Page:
(1889 - 1977)
Three Key Films: The Gold Rush (1925), City Lights (1931), Modern Times (1936)
Underrated: Limelight (1952) It’s tough to pick a Chaplin film and call it “underrated” since he’s among the few masters upon whom folks generally agree. He was and remains, a singular artist. But, if he is associated with anything in the popular imagination it is his Tramp persona, the bumbling sweetheart who carried him through most of his films through his heyday in the 20s and the first half of the 1930s. With Limelight, produced long after he had appeared to have drifted into irrelevance, Chaplin asked his audience to view him as something else: an actor, not a character. It didn’t really work for many people. But it should have. This gorgeous film works like a lament for a life onscreen, a summation of a career in show biz from a man who’s seen it all, and yet it contains less sentimentalized nostalgia than hard-won wisdom about the cost of fame, the fickle muse, the tragedy of aging. (And, the scene between Chaplin and his erstwhile competition Buster Keaton is worth the price of admission, squared.)
Unforgettable: The final speech in The Great Dictator (1940). A (really, really) long speech about brotherly love, the interconnectedness of humanity, the insanity of war, the emptiness of generalized hate, and the scourge of global fascism? That’s entertainment! The thing is, it’s all about context. The Great Dictator, Chaplin’s searing satire of the rise of Hitler and the Nazis was released in 1940, still many months before the United States were prepared to confront the German war machine. A rousing call to arms, or a tortured cry for peace? Either way, this speech served to remind viewers that, as fun as the proto-Strangelove zaniness of the film has been, these stakes were pretty goddamn high at the outset of the war. While US politicians vacillated, equivocated, stalled for time, Chaplin gave the speech they were incapable of, but everyone needed, and still needs, to hear.
The Gold Rush (1925)
The Legend: As one of the pivotal figures in the early years of Hollywood, and a key link between vaudeville and the silent film era, Chaplin is perhaps the most legendary figure on this list. Born in 1889 in London (or, possibly, in a Roma caravan while on the road, though this is mere rumour at the moment), Chaplin grew up in a show biz household. Learning singing and dancing from his entertainer parents and their colleagues, Chaplin was a performer from a young age. Eventually making his way to the United States as part of a touring troupe of entertainers, and by 1913 was acting in short films.
He debuted the Tramp character in 1914, mostly by accident, improvising him based on how the make-up had made him feel. Channeling a man with the affectations and manners of an upper class gentleman who is actually a downtrodden and destitute “tramp”, Chaplin created among the most enduring characters in film history on a whim. A huge hit with audiences, Chaplin would take this character with him through twenty years of starring roles. Transitioning to directing his own work (it is a true testament to Chaplin’s innate genius that he was able to simply step into this role without any formal training, and find immediate success), Chaplin became a founding member of the United Artists studio in 1919 in an effort to escape the artistic control of distributors and studio heavies. It was a wildly ambitious move, but Charlie Chaplin entered the 1920s as arguably the biggest star in the world.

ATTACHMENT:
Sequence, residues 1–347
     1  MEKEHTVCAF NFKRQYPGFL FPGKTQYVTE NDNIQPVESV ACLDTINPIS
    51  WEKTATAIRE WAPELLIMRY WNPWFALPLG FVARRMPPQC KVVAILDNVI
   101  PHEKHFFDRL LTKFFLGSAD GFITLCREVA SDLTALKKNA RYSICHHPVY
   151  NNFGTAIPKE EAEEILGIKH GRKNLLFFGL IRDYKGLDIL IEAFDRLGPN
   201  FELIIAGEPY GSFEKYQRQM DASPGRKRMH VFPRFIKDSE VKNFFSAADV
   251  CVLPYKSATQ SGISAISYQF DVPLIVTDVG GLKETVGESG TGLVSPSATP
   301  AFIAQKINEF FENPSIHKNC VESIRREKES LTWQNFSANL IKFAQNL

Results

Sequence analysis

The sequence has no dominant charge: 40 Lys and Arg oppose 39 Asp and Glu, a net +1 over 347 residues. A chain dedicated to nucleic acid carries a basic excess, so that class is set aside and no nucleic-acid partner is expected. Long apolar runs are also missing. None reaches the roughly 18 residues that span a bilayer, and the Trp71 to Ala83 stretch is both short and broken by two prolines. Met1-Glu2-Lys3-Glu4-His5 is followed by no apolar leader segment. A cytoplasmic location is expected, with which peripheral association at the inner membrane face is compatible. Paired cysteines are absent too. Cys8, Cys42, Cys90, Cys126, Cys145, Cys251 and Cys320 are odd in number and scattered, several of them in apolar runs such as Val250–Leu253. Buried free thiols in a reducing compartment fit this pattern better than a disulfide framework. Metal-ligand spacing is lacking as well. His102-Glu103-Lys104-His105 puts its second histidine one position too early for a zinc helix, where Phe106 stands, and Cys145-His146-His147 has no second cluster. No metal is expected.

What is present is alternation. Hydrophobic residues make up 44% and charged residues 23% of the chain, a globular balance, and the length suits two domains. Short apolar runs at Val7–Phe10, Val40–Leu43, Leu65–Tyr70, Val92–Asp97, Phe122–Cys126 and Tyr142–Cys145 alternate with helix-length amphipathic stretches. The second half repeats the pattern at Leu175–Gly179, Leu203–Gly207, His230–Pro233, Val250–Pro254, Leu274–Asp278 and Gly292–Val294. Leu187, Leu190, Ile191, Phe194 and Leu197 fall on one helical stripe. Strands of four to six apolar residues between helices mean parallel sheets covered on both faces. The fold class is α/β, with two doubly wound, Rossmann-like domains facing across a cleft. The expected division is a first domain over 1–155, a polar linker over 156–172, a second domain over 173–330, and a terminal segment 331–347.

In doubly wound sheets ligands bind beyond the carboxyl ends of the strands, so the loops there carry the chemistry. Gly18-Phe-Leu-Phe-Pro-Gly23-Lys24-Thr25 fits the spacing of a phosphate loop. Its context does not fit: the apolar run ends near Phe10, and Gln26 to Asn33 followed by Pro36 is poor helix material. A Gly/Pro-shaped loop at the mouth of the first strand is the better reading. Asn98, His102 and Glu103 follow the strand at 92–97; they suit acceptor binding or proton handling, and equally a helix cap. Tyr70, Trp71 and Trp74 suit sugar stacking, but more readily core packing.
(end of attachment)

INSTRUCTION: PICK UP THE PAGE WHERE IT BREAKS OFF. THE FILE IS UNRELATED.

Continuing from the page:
His influence cannot be overstated—a true auteur, he would go on to craft a series of stirring, gorgeous, hilarious, simple parables which, while endlessly entertaining, never steered far from their social message. A committed socialist—he would eventually be treated as a subversive agent in the US in one of their more foolish moments of anti-communist idiocy—Chaplin’s filmography is underpinned by a persistent and stirring attack on the de-humanizing power of a faceless capitalist machine. His most indelible moments rely on the juxtaposition between the softness of humanity and the unbendable steel of progress. It’s hard to think of a better visual metaphor for this than the scene early in his Depression-era satire Modern Times when his Tramp character literally gets caught in the gears of a machine. Both amazingly funny and utterly convincing as a visual metaphor, here was the genius of Chaplin. An entertainer with a purpose. Chaplin died on Christmas Day, in 1977, at the age of 88. Stuart Henderson